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Practical UNIX and Internet Security [Paperback]

Simson Garfinkel , Gene Spafford , Alan Schwartz
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Table of Contents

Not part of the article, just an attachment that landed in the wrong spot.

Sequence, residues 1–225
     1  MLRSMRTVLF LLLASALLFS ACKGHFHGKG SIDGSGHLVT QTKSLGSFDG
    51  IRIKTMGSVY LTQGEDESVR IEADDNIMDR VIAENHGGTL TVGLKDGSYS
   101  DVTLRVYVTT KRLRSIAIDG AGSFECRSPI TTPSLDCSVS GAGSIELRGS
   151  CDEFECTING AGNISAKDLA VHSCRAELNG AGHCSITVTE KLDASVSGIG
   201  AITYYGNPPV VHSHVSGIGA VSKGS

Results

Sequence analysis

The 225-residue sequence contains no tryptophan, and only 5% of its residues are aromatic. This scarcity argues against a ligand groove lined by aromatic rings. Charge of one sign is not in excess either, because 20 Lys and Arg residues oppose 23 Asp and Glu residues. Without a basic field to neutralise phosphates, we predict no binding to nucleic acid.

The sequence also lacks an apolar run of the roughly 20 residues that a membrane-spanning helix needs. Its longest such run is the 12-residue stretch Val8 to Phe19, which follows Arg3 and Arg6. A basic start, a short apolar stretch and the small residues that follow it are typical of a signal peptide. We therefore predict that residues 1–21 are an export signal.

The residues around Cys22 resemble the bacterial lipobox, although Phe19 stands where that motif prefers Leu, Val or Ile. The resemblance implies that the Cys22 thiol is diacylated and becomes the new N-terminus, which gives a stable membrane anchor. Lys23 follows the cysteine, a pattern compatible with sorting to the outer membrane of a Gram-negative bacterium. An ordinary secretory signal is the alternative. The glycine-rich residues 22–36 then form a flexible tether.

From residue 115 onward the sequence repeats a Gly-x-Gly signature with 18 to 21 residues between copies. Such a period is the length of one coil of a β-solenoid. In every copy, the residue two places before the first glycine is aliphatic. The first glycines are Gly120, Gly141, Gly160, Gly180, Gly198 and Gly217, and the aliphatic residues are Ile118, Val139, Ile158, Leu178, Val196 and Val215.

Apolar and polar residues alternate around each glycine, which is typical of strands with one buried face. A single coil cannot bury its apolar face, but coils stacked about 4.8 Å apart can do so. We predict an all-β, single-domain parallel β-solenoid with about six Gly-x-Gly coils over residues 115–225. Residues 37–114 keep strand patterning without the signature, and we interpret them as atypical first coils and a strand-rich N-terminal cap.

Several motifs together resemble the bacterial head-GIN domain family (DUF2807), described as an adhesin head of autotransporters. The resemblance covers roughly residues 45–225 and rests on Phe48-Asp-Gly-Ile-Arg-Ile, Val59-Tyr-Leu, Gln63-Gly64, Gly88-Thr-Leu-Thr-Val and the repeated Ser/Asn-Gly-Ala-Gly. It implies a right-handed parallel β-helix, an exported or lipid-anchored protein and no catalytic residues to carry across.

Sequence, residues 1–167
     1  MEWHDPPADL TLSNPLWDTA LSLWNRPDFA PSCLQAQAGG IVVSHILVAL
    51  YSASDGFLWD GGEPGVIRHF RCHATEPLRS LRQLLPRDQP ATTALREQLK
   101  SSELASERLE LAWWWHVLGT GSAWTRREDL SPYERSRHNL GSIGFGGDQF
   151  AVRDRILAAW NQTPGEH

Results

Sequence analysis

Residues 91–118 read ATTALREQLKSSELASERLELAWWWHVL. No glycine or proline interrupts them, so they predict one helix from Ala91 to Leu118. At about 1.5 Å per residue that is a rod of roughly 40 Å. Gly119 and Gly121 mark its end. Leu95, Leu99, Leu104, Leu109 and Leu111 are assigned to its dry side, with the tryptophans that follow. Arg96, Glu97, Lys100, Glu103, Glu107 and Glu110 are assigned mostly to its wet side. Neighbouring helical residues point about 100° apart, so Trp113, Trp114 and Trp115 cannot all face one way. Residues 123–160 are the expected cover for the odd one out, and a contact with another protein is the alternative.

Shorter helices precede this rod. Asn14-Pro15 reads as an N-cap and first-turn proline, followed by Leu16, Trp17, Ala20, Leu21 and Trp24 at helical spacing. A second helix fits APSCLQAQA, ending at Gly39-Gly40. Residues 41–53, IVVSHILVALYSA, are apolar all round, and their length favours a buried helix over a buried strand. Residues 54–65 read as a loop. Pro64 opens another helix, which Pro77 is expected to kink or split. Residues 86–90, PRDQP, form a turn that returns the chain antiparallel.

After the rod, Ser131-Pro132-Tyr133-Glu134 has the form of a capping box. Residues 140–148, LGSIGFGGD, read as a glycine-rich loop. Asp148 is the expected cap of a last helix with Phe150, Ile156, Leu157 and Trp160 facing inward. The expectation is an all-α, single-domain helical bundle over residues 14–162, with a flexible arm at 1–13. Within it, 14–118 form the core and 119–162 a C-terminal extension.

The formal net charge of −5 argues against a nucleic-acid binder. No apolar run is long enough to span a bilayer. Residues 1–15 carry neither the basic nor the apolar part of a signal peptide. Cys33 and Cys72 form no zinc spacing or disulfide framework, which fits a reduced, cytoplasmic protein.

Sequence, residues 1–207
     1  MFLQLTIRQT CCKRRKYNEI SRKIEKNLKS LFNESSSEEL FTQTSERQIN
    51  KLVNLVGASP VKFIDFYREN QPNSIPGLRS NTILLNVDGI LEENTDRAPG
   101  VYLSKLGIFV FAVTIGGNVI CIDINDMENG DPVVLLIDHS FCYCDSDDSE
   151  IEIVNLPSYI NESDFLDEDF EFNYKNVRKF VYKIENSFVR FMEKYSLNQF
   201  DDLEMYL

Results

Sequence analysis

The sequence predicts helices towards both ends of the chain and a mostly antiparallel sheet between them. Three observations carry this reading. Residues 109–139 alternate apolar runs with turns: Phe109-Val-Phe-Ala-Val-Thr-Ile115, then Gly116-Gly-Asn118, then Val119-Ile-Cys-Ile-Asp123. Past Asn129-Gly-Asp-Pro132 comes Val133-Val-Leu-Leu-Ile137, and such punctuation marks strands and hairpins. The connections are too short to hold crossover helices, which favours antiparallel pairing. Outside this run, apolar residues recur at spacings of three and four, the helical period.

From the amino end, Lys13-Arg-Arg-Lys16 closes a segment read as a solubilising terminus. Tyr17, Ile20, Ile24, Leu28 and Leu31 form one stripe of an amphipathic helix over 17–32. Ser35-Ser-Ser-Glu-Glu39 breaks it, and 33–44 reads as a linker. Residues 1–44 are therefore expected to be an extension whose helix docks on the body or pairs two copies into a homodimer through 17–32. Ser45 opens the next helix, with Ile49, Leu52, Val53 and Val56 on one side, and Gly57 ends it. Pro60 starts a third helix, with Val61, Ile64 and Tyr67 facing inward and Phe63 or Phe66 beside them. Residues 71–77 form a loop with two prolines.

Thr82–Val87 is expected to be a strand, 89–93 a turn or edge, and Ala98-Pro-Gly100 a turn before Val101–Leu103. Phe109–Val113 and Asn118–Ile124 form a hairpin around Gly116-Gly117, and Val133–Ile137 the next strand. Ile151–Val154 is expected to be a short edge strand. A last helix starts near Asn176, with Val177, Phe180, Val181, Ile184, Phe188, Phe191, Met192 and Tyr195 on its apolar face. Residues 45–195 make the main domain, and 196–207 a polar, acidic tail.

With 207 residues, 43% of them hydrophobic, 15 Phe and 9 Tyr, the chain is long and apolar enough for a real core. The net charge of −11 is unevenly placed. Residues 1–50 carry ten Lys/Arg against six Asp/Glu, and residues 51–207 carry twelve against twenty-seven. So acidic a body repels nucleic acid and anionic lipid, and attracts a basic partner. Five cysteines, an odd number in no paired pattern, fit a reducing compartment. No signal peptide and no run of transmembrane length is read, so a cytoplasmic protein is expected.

Preface; Unix “Security”?; Scope of This Book; Which Unix System?; Conventions Used in This Book; Comments and Questions; Acknowledgments; A Note to Would-Be Attackers; Computer Security Basics; Chapter 1: Introduction: Some Fundamental Questions; 1.1 What Is Computer Security?; 1.2 What Is an Operating System?; 1.3 What Is a Deployment Environment?; 1.4 Summary; Chapter 2: Unix History and Lineage; 2.1 History of Unix; 2.2 Security and Unix; 2.3 Role of This Book; 2.4 Summary; Chapter 3: Policies and Guidelines; 3.1 Planning Your Security Needs; 3.2 Risk Assessment; 3.3 Cost-Benefit Analysis and Best Practices; 3.4 Policy; 3.5 Compliance Audits; 3.6 Outsourcing Options; 3.7 The Problem with Security Through Obscurity; 3.8 Summary; Security Building Blocks; Chapter 4: Users, Passwords, and Authentication; 4.1 Logging in with Usernames and Passwords; 4.2 The Care and Feeding of Passwords; 4.3 How Unix Implements Passwords; 4.4 Network Account and Authorization Systems; 4.5 Pluggable Authentication Modules (PAM); 4.6 Summary; Chapter 5: Users, Groups, and the Superuser; 5.1 Users and Groups; 5.2 The Superuser (root); 5.3 The su Command: Changing Who You Claim to Be; 5.4 Restrictions on the Superuser; 5.5 Summary; Chapter 6: Filesystems and Security; 6.1 Understanding Filesystems; 6.2 File Attributes and Permissions; 6.3 chmod: Changing a File’s Permissions; 6.4 The umask; 6.5 SUID and SGID; 6.6 Device Files; 6.7 Changing a File’s Owner or Group; 6.8 Summary; Chapter 7: Cryptography Basics; 7.1 Understanding Cryptography; 7.2 Symmetric Key Algorithms; 7.3 Public Key Algorithms; 7.4 Message Digest Functions; 7.5 Summary; Chapter 8: Physical Security for Servers; 8.1 Planning for the Forgotten Threats; 8.2 Protecting Computer Hardware; 8.3 Preventing Theft; 8.4 Protecting Your Data; 8.5 Story: A Failed Site Inspection; 8.6 Summary; Chapter 9: Personnel Security; 9.1 Background Checks; 9.2 On the Job; 9.3 Departure; 9.4 Other People; 9.5 Summary; Network and Internet Security; Chapter 10: Modems and Dialup Security; 10.1 Modems: Theory of Operation; 10.2 Modems and Security; 10.3 Modems and Unix; 10.4 Additional Security for Modems; 10.5 Summary; Chapter 11: TCP/IP Networks; 11.1 Networking; 11.2 IP: The Internet Protocol; 11.3 IP Security; 11.4 Summary; Chapter 12: Securing TCP and UDP Services; 12.1 Understanding Unix Internet Servers and Services; 12.2 Controlling Access to Servers; 12.3 Primary Unix Network Services; 12.4 Managing Services Securely; 12.5 Putting It All Together: An Example; 12.6 Summary; Chapter 13: Sun RPC; 13.1 Remote Procedure Call (RPC); 13.2 Secure RPC (AUTH_DES); 13.3 Summary; Chapter 14: Network-Based Authentication Systems; 14.1 Sun’s Network Information Service (NIS); 14.2 Sun’s NIS+; 14.3 Kerberos; 14.4 LDAP; 14.5 Other Network Authentication Systems; 14.6 Summary; Chapter 15: Network Filesystems; 15.1 Understanding NFS; 15.2 Server-Side NFS Security; 15.3 Client-Side NFS Security; 15.4 Improving NFS Security; 15.5 Some Last Comments on NFS; 15.6 Understanding SMB; 15.7 Summary; Chapter 16: Secure Programming Techniques; 16.1 One Bug Can Ruin Your Whole Day . . .; 16.2 Tips on Avoiding Security-Related Bugs; 16.3 Tips on Writing Network Programs; 16.4 Tips on Writing SUID/SGID Programs; 16.5 Using chroot( ); 16.6 Tips on Using Passwords; 16.7 Tips on Generating Random Numbers; 16.8 Summary; Secure Operations; Chapter 17: Keeping Up to Date; 17.1 Software Management Systems; 17.2 Updating System Software; 17.3 Summary; Chapter 18: Backups; 18.1 Why Make Backups?; 18.2 Backing Up System Files; 18.3 Software for Backups; 18.4 Summary; Chapter 19: Defending Accounts; 19.1 Dangerous Accounts; 19.2 Monitoring File Format; 19.3 Restricting Logins; 19.4 Managing Dormant Accounts; 19.5 Protecting the root Account; 19.6 One-Time Passwords; 19.7 Administrative Techniques for Conventional Passwords; 19.8 Intrusion Detection Systems; 19.9 Summary; Chapter 20: Integrity Management; 20.1 The Need for Integrity; 20.2 Protecting Integrity; 20.3 Detecting Changes After the Fact; 20.4 Integrity-Checking Tools; 20.5 Summary; Chapter 21: Auditing, Logging, and Forensics; 21.1 Unix Log File Utilities; 21.2 Process Accounting: The acct/pacct File; 21.3 Program-Specific Log Files; 21.4 Designing a Site-Wide Log Policy; 21.5 Handwritten Logs; 21.6 Managing Log Files; 21.7 Unix Forensics; 21.8 Summary; Handling Security Incidents; Chapter 22: Discovering a Break-in; 22.1 Prelude; 22.2 Discovering an Intruder; 22.3 Cleaning Up After the Intruder; 22.4 Case Studies; 22.5 Summary; Chapter 23: Protecting Against Programmed Threats; 23.1 Programmed Threats: Definitions; 23.2 Damage; 23.3 Authors; 23.4 Entry; 23.5 Protecting Yourself; 23.6 Preventing Attacks; 23.7 Summary; Chapter 24: Denial of Service Attacks and Solutions; 24.1 Types of Attacks; 24.2 Destructive Attacks; 24.3 Overload Attacks; 24.4 Network Denial of Service Attacks; 24.5 Summary; Chapter 25: Computer Crime; 25.1 Your Legal Options After a Break-in; 25.2 Criminal Hazards; 25.3 Criminal Subject Matter; 25.4 Summary; Chapter 26: Who Do You Trust?; 26.1 Can You Trust Your Computer?; 26.2 Can You Trust Your Suppliers?; 26.3 Can You Trust People?; 26.4 Summary; Appendixes; Unix Security Checklist; Preface; Chapter 1: Introduction: Some Fundamental Questions; Chapter 2: Unix History and Lineage; Chapter 3: Policies and Guidelines; Chapter 4: Users, Passwords, and Authentication; Chapter 5: Users, Groups, and the Superuser; Chapter 6: Filesystems and Security; Chapter 7: Cryptography Basics; Chapter 8: Physical Security for Servers; Chapter 9: Personnel Security; Chapter 10: Modems and Dialup Security; Chapter 11: TCP/IP Networks; Chapter 12: Securing TCP and UDP Services; Chapter 13: Sun RPC; Chapter 14: Network-Based Authentication Systems; Chapter 15: Network Filesystems; Chapter 16: Secure Programming Techniques; Chapter 17: Keeping Up to Date; Chapter 18: Backups; Chapter 19: Defending Accounts; Chapter 20: Integrity Management; Chapter 21: Auditing, Logging, and Forensics; Chapter 22: Discovering a Break-In; Chapter 23: Protecting Against Programmed Threats; Chapter 24: Denial of Service Attacks and Solutions; Chapter 25: Computer Crime; Chapter 26: Who Do You Trust?; Appendix A: Unix Security Checklist; Appendix B: Unix Processes; Appendixes C, D, and E: Paper Sources, Electronic Sources, and Organizations; Unix Processes; About Processes; Signals; Controlling and Examining Processes; Starting Up Unix and Logging In; Paper Sources; Unix Security References; Other Computer References; Electronic Resources; Mailing Lists; Web Sites; Usenet Groups; Software Resources; Organizations; Professional Organizations; U.S. Government Organizations; Emergency Response Organizations; Colophon;